23. Relapse Prevention-gorski • Assessment • Warning sign identification • Warning sign management • Recovery planning

  24. Grid • Stages of Recovery-where did the person relapse?Is there a pattern? • Avoid/evade or move forward in recovery • High stress behaviors, triggers, internal triggers, external triggers

  25. assessment • Developmental assessment on PDF • Relapse calendar and identification of patterns and other mental health disorders • What was significant in stopping and from their perspective what sparked the relapse • What happened during abstinence and how did you accomplish this • What happened when you relapsed?

  26. 4 important questions • What do alcohol/drugs allow you to do or become? • What do alcohol/drugs allow you to avoid or escape? • On a scale of 1-10, how important to you is it to be sober/clean? • On a scale of 1-10, how confident do you feel in becoming abstinent?

  27. Warning sign identification • At your seats, read over the warning signs and check off those which you can relate to when you are in the process of burning out. • Go back after you’ve checked them off and narrow that list to 6 significant warning signs and write them on six slips of paper

  28. Relapse Card creation • On the front write a word or words that describe the warning sign • At the bottom write, “I know I’m in trouble with my recovery when…” and complete the sentence • On the back write: think, feel, act and respond based on the warning sign

  29. Ordering warning signs • Start with the client telling you how they perceived their last relapse occurring • Begin to create/order their relapse cards • Help them with ordering, double check, you are working together • Back track from the first card, “how did you get to the first card?” and continue to back track • This usually leads to pre-using issues and core irrational thoughts and emotions • Review the list

  30. Presenting in group • Clients will have the opportunity to present their cards in group • The group member will sit on the floor if they are able and describe his/her relapse to the group. • The group facilitator will then ask the group to give feedback/questions • Starting with that groups and subsequent groups, members will ask for feedback and suggestion to mitigate and manage warning signs.

  31. Recovery planning • Cards are shared with recovery support people • Sponsor, group members, significant other, friends in recovery and those supportive of recovery, faith support, counselor • Client works with counselor and group on matching recovery planning with relapse warning signs. • Ex: if client indicates idle time on weekends is a warning sign, structured time hour by hour is needed for weekends.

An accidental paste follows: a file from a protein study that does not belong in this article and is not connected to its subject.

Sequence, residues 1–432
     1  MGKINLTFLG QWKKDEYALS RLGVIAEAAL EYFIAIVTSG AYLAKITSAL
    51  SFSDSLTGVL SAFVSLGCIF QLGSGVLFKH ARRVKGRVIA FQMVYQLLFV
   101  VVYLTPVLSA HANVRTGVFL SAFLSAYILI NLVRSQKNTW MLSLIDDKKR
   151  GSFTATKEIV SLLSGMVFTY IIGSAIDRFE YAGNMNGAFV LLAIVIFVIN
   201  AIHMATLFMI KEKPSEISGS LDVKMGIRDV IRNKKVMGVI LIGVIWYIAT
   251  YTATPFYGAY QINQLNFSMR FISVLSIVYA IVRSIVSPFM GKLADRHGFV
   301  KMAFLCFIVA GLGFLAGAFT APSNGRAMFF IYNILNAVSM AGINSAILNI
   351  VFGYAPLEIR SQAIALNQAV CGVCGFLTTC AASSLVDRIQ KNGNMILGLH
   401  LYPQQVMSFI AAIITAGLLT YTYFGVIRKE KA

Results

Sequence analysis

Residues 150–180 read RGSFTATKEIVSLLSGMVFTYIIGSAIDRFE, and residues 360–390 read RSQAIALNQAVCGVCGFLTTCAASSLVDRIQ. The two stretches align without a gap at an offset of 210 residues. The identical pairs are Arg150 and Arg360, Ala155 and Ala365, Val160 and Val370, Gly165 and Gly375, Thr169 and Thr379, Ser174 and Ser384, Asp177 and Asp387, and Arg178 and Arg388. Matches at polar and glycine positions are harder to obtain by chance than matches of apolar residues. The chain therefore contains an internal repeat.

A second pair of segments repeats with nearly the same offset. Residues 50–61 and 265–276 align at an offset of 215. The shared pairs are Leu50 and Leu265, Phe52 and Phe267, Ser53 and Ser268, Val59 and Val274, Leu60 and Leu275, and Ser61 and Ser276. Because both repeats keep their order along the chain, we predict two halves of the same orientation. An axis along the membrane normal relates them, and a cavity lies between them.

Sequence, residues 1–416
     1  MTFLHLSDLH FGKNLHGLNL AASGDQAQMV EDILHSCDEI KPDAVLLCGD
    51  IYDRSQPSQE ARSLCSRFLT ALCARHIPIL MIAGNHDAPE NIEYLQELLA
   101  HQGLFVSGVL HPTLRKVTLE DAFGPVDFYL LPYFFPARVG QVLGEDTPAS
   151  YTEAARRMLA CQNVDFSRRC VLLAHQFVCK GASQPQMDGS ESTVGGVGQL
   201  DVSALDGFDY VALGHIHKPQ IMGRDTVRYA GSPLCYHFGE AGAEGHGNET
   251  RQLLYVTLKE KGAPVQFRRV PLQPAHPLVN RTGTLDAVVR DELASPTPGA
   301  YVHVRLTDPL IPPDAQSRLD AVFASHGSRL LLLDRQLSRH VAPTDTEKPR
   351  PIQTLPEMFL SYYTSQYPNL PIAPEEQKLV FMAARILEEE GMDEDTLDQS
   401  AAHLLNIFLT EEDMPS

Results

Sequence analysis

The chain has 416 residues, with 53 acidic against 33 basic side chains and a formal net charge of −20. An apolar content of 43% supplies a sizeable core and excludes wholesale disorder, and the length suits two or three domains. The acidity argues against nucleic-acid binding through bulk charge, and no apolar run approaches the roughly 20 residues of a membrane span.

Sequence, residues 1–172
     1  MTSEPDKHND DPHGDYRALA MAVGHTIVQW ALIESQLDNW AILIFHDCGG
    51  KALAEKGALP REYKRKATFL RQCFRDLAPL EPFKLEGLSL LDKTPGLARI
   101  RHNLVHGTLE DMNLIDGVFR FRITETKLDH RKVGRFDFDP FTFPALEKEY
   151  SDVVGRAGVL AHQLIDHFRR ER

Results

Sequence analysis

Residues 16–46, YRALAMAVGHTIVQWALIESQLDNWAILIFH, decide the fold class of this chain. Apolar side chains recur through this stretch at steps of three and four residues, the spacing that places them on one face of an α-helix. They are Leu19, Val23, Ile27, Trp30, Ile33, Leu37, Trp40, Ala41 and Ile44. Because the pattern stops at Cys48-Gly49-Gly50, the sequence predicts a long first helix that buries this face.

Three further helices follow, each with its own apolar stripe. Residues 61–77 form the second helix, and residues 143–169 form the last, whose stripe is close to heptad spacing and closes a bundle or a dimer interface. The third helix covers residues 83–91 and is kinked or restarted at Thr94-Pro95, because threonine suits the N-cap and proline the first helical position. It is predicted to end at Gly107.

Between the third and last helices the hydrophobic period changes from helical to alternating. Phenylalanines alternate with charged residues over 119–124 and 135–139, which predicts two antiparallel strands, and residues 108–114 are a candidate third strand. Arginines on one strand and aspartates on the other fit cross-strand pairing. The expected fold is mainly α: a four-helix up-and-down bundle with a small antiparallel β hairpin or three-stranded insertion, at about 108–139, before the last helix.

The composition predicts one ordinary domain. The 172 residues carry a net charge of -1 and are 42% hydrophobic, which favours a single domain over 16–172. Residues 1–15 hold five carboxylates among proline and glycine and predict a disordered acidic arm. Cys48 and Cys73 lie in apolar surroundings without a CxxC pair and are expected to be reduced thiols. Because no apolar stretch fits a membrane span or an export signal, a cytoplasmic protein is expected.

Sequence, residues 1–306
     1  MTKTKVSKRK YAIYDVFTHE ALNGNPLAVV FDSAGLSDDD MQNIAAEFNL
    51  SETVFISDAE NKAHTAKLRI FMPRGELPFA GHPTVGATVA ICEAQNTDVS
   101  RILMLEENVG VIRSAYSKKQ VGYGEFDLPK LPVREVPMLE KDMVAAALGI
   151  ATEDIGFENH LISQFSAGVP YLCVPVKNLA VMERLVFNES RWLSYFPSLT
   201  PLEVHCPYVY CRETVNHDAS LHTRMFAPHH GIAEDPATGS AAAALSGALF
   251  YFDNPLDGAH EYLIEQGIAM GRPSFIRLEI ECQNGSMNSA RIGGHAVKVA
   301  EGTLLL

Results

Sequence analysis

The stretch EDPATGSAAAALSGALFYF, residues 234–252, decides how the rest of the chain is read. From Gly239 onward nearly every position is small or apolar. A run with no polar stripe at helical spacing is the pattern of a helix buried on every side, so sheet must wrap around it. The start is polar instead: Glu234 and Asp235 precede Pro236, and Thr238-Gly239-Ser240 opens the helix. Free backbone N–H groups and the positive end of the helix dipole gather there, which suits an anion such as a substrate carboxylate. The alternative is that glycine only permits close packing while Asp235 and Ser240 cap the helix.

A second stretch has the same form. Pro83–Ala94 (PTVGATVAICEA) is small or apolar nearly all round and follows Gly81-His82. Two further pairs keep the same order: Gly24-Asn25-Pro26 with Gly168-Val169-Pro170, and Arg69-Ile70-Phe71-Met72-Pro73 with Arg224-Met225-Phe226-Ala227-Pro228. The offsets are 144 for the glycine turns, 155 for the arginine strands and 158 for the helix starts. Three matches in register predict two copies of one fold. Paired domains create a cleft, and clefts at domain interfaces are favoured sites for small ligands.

32. Facilitator skills in a relapse prevention group • Helping client to present warning sign cards • Drawing out other group members for feedback • Helping group members who have presented their cards before, help to support and validate the process. • Help group members explore their own emotions as the cards are presented • Facilitate honest feedback that may be in contrast to what is being presented. Help the group effectively confront each other in a respectful but helpful manner.

  33. comments • Helping relapsing clients share their relapse pattern and story helps with healing and the shame associated with relapse • Not only it is unified as a homogeneous addiction group, it is relapse group which brings about a unique and powerful unification. • Clients learn about patterns as others in the group present their relapse stories • The hope is in the awareness…the hope is, “Now I can see and do what I couldn’t see before”.

  34. Final thoughts • Make this your own • Bill’s spiritual experience supports the light in all of us helping and connecting to others. Group is effective in that way • The steps don’t say “I” they say “we” and “our” • We are social creatures and need each other through group and the fellowship.

  35. References • Brooks, F., & McHenry, B. (2015). A contemporary approach to substance use disorders and addiction counseling (2nd ed.). Alexandria, VA: American Counseling Association. • Flores, P. I. (1997). Group psychotherapy with addicted populations: An integration of twelve-step and psychodynamic theory (2nd ed.). New York, NY: Haworth Press. • Gorski, T. (1989). Passages through recovery: An action plan for preventing relapse. Center City, MN: Hazelden Press. • Tuckman, B. W., & Jensen, M.A.C. (1977). Stages of small group development revisited. Group and Organizational Studies, 2, 419-427. • Yalom, I. (2005). The theory and practice of group psychotherapy (5th ed.). New York, NY: Basic Books.